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How to Interpret Your DNA Test Results For Family History & Ancestry: Scientists Speak Out on Genealogy Joining Genetics Paperback – December 19, 2002


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How to Interpret Your DNA Test Results For Family History & Ancestry: Scientists Speak Out on Genealogy Joining Genetics + Trace Your Roots with DNA: Using Genetic Tests to Explore Your Family Tree + DNA and Family History: How Genetic Testing Can Advance Your Genealogical Research
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Product Details

  • Paperback: 266 pages
  • Publisher: iUniverse (December 19, 2002)
  • Language: English
  • ISBN-10: 0595263348
  • ISBN-13: 978-0595263349
  • Product Dimensions: 9.2 x 6.1 x 0.6 inches
  • Shipping Weight: 14.4 ounces (View shipping rates and policies)
  • Average Customer Review: 1.9 out of 5 stars  See all reviews (11 customer reviews)
  • Amazon Best Sellers Rank: #1,096,009 in Books (See Top 100 in Books)

Editorial Reviews

About the Author

Anne Hart writes books that make complex topics easy to understand for those with no science background. She holds a graduate degree and has written up to three books a year since 1963, both novels and nonfiction. She specializes in writing books about DNA, genetics, molecular anthropology, genealogy, history, and ethnology.

Customer Reviews

1.9 out of 5 stars
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Most Helpful Customer Reviews

21 of 22 people found the following review helpful By Veronica B. Curry on June 17, 2003
Format: Paperback
Just a heads-up warning: Anne Hart makes her living by writing "books that sell" not by writing on topics about which she is an expert, or even about topics with which she has sufficient experience. She lists her 30 most recent self-published books in the back of this one--and one of her titles was "Writing Books that Sell." Does this sound like a credible author to you?!
The title of this book is grossly misleading and in fact barely one page in 10 makes reference to legitimate scientific data--or even to the scientists who supposedly "speak out". Her research was poorly conducted and even more poorly analyzed. She spends several chapters on topics which have no business being including in this book--namely, "creating a scrapbook" (where one sentence out of pages of text refers to DNA), and "beginning genealogy research." In the latter, she repeatedly does those readers who haven't done any genealogy reserach, a great disservice by misdirecting them on methods of locating a woman's maiden name. She suggests ordering birth records. How, pray tell, does one order a birth record for a person whose maiden name is unknown?! Ask the county clerk for copies of every record of a child born on a given date? Please!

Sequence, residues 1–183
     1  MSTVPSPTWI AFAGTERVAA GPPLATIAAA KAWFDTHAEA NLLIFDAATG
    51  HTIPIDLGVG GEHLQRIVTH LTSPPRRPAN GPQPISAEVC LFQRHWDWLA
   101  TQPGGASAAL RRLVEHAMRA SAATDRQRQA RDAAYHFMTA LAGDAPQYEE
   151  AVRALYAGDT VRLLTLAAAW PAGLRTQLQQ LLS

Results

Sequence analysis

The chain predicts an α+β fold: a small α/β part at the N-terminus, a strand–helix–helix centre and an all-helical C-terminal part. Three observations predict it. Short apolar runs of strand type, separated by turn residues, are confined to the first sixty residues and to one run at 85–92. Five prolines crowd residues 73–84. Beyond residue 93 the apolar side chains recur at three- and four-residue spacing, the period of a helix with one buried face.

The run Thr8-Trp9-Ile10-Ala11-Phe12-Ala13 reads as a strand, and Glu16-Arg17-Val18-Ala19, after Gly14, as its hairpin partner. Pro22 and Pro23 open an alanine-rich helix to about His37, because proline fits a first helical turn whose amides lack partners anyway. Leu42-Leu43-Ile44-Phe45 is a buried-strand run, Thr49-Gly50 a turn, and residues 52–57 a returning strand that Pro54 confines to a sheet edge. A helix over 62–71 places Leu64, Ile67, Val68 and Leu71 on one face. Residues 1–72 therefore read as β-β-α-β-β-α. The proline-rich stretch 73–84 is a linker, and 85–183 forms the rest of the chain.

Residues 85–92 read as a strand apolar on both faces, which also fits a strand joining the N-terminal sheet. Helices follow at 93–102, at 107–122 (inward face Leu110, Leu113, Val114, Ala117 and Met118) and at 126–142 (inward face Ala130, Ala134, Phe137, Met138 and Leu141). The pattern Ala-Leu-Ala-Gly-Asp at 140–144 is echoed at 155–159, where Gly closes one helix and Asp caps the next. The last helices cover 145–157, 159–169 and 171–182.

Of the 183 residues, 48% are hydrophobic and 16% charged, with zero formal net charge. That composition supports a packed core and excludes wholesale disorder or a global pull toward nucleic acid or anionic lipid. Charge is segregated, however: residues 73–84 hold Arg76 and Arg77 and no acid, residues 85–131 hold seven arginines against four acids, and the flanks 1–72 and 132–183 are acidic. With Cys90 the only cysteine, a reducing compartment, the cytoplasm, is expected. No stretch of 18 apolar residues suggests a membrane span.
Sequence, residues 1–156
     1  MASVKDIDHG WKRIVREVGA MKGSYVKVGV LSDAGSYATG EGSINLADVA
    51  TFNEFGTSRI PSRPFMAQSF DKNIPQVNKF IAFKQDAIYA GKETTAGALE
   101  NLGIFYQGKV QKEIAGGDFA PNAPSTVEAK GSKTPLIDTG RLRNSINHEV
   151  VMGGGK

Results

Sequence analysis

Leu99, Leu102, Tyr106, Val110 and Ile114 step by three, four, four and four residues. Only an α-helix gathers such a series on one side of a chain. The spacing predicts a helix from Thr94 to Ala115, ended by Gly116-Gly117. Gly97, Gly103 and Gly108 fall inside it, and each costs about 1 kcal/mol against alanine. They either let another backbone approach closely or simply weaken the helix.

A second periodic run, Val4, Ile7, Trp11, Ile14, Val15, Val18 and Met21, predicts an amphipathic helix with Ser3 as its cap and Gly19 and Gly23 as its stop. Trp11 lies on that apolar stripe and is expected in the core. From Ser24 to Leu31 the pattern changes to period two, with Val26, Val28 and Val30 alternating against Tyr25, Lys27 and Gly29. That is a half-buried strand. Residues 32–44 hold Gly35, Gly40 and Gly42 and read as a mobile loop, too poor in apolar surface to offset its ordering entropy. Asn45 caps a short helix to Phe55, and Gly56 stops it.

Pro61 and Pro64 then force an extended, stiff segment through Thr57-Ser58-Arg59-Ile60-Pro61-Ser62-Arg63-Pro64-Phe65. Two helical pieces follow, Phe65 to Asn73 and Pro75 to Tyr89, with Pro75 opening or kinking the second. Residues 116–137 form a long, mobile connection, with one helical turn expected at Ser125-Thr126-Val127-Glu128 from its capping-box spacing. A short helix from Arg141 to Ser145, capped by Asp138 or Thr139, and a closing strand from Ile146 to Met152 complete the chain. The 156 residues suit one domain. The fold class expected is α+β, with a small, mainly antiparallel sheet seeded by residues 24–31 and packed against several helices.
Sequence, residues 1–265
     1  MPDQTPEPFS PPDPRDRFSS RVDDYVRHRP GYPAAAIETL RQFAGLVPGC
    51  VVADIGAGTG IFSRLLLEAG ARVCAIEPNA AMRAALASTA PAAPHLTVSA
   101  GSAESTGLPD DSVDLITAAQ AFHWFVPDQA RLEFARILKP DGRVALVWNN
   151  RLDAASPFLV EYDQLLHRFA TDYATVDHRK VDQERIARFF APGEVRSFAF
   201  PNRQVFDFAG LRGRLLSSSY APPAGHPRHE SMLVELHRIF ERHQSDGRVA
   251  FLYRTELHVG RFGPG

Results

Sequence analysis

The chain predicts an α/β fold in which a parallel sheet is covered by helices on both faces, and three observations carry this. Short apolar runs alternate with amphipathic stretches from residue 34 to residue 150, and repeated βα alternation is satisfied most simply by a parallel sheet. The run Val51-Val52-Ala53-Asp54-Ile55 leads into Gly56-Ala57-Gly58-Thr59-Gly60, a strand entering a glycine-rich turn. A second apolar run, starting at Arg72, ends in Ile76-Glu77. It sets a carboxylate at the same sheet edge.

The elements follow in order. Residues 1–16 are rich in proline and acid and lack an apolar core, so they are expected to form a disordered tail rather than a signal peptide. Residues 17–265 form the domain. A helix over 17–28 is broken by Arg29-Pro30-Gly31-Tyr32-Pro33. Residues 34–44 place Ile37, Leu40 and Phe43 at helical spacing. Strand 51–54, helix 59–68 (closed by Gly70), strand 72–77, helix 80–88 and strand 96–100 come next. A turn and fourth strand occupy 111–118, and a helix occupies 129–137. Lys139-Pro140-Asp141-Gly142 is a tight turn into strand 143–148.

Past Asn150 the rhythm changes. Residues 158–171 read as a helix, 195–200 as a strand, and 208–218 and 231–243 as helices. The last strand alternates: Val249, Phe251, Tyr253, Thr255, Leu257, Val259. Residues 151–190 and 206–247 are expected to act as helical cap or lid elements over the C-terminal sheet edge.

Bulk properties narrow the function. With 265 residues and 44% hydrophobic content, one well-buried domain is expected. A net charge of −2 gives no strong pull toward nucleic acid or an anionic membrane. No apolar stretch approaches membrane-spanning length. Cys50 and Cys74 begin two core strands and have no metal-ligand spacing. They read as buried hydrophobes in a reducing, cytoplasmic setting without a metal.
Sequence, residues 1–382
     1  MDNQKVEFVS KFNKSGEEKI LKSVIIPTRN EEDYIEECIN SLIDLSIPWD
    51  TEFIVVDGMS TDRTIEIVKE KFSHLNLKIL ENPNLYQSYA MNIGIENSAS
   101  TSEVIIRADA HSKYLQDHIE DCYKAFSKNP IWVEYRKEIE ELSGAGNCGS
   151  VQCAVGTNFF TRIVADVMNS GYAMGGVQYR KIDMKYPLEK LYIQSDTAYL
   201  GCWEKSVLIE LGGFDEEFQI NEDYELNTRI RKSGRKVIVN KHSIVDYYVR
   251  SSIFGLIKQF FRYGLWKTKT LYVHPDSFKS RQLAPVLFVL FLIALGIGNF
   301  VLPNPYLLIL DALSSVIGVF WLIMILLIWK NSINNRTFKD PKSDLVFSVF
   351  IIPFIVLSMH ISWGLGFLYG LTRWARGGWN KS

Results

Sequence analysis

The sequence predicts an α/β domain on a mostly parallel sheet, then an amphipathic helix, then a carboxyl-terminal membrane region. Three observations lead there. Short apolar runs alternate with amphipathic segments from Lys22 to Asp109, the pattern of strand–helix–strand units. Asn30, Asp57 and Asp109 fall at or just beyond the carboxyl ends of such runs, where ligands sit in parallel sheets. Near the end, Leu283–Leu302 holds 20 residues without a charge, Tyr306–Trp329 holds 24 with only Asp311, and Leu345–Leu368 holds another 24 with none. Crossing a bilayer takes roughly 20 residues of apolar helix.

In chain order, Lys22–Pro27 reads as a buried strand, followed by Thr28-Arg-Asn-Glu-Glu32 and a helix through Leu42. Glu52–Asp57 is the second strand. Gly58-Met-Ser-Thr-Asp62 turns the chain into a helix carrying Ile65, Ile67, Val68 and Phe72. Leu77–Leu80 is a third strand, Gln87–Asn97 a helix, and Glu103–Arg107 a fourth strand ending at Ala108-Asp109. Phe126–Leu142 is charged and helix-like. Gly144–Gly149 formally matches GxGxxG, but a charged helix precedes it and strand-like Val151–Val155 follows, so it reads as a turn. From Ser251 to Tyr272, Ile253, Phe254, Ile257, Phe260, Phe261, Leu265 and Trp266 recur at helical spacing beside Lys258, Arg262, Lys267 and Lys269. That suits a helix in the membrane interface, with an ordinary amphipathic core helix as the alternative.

While I applaud the use of the Internet as a means of self-publishing, one should not use it as a shortcut around publishing in a professional manner. Within the first seven pages of text, I found a dozen errors (typographical, spelling, grammar, and punctuation), which even a blind (but not deaf) editor would catch. Ms. Hart's writing style leads one to believe she published the book as it was first written--a draft version in which no thought was given to logical chapter order (definitions and explanations of DNA and genes can be found somewhere around page 110).
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13 of 13 people found the following review helpful By James M. Freed on May 17, 2003
Format: Paperback